Urban Abundance: A growing nonprofit

It’s a simple, common sense approach that seems to have gotten lost over the years: Local farmers growing produce, selling it to local restaurant owners who, in turn, are serving it to local customers. At least that’s the way Warren Neth remembers things working while growing up on a small farm in Ridgefield.

“We grew strawberries, raspberries, blueberries, some garlic and other things,” recalled Neth. “It was really on a small scale, but we sold to a couple different restaurants in the Hazel Dell area.”

Neth, the founder and director of Urban Abundance, a project of Slow Food Southwest Washington (the local chapter of the national nonprofit Slow Food USA), explained that the reason his family was able to sell produce to local restaurants back in the day was because of a relationship his family had established with the restaurant owners.

“We would grow the produce and bring it to the kitchen’s back door and sell it to the chefs,” he said. “So growing up I figured this was how most food arrived at restaurants. But as I got into the food industry, I saw how food is actually trucked in from all over the world. To bring that produce to our restaurants when we have all these farms around here – it just didn’t make sense.”

Today, Urban Abundance is working to restore that local farmer/restaurant owner relationship through events like the bi-annual Seasonal Feast – a dinner/fundraiser that challenges a host restaurant to serve a multi-course meal using exclusively locally-grown ingredients.

“We’re just trying to figure out ways that we can build those friendships,” explained Neth. “That’s what Seasonal Feast is all about – trying to get as many farmers, restaurant owners and retailers together, all sharing a big feast of Clark County-grown foods.”

Two weeks ago, Urban Abundance held its most recent Seasonal Feast at the newly opened Mill Creek Pub, at 1710 Southwest 9th Avenue #101, in Battle Ground. The event was a big success, selling out the 120 or so seats available.

Russell Brent, owner of Mill Creek Pub, said he enjoyed the challenge of finding local farmers to source from. In fact, he said sourcing local has gotten easier of late, and it’s a practice he plans on continuing.

“I looked at buying from local farms years ago and it was almost an impossible situation because somebody could come up with ten pounds of this, and another farm could come up with ten pounds of that. But when you have to serve 150 people, it was almost an impossible thing to do,” said Brent.

The difference today, according to Brent, is the way farms communicate.

“In the last couple of years there has been a ground swell of improvement,” he explained. “The farms are getting much better, the CSAs [Community Supported Agriculture organizations] are communicating, there are blogs on the internet for the community farms – they’re all starting to work together so that they can really strengthen the relationships they have with the restaurants.”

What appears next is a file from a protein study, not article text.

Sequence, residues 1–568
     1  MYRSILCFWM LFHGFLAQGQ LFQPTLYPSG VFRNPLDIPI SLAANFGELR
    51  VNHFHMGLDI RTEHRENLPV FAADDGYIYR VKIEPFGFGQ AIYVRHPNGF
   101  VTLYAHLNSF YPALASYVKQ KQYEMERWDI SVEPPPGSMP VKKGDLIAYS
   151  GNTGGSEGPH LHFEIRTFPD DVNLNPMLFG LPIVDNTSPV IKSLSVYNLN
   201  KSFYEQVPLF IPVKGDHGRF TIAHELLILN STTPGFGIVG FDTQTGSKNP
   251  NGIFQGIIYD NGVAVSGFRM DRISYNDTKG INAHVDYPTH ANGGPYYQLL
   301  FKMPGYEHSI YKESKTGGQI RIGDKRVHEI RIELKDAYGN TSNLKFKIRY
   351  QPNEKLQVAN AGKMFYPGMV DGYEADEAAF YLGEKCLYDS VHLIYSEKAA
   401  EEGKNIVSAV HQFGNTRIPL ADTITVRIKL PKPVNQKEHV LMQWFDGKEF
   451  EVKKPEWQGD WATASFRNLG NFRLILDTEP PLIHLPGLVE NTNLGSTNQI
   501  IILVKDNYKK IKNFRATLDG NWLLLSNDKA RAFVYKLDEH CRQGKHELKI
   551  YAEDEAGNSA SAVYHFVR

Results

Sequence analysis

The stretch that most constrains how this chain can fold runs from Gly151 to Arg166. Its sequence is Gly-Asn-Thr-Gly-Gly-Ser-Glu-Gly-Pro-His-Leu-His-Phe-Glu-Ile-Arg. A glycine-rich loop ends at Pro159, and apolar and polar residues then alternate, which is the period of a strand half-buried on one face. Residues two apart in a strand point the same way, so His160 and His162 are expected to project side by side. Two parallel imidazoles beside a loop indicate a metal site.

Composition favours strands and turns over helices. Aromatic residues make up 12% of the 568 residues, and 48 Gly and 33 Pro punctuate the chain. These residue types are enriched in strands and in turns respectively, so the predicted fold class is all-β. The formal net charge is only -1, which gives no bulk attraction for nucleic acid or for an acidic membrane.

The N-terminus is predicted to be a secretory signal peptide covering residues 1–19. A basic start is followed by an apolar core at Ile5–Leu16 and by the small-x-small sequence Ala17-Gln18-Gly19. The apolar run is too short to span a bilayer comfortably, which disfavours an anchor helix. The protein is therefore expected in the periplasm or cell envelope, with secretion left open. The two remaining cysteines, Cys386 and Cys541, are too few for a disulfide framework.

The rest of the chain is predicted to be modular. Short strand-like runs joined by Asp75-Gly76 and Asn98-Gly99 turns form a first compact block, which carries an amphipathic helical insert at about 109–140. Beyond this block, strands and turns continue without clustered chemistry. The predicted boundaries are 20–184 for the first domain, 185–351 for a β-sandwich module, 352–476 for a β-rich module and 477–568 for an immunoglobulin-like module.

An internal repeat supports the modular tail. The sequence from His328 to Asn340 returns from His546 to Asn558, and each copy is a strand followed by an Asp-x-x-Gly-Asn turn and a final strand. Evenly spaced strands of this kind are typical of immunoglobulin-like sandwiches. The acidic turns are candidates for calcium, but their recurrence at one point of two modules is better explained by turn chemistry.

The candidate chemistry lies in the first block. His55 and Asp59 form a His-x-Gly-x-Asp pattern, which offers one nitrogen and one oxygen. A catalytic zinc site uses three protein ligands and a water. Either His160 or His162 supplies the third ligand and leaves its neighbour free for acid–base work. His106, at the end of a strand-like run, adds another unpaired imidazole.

In addition to having an improved network of communication from grower to grower, Brent said the source local movement is being fueled by, well, fuel.

“It’s what I consider the perfect storm, and four dollar a gallon gas doesn’t hurt. Buying local is important, especially when food has to travel,” said Brent.

Amidst all the success of Urban Abundance’s Seasonal Feast, the organization is busy beefing up some of its other programs. One of them in particular, according to Neth, should interest the business community.

“It’s called the Backyard Bounty Co-op, and it’s an innovative model that supports small-scale growers,” he explained. “Urban Abundance takes on all the marketing and accounting [for local growers], and we set up farmers markets tables and staff those booths. All the farmers have to do is come and drop off their produce and we do all of the rest.”

As Neth tells it, the Backyard Bounty Co-op is really about enabling local farms, letting them grow their produce and supporting the health of our local food system. So far, he said the Co-op has a collection of 12 growers.

“Now we are looking for partnerships with the business community, like being able to set up our booth at local retailers so you can have a little stand in your store where you can sell Backyard Bounty produce. I think it’s a very innovative model for being able to support urban farmers,” he said.

Growers and businesses interested in getting involved in the Backyard Bounty Co-op can contact Urban Abundance at 360.771.1296.

Mill Creek’s mission

When Russell Brent began scouting the region for a spot to land his new restaurant, he knew that “buy local” should have a place in his new establishment. As he learned more about the city of Battle Ground, which he said has some of the best demographics in the Portland Metro area, he realized the people that live there want local as well.

“I found that people like to do business locally in Battle Ground,” said Brent. “They have to travel a long way if they want to get a specialty item, so there’s a lot of community spirit. To me, staying local is important because it’s important to them.”

Hoping to create a casual neighborhood vibe, Brent selected a rustic theme for Mill Creek Pub. He even used reclaimed lumber from turn of the century Clark County barns in the interior of the restaurant.

“The economy is still a little rough so I want to have some comfort food,” he added. “I want to make sure that people feel good when they come here so it’s going to be a good value and it’s going to be food prepared with heart.”

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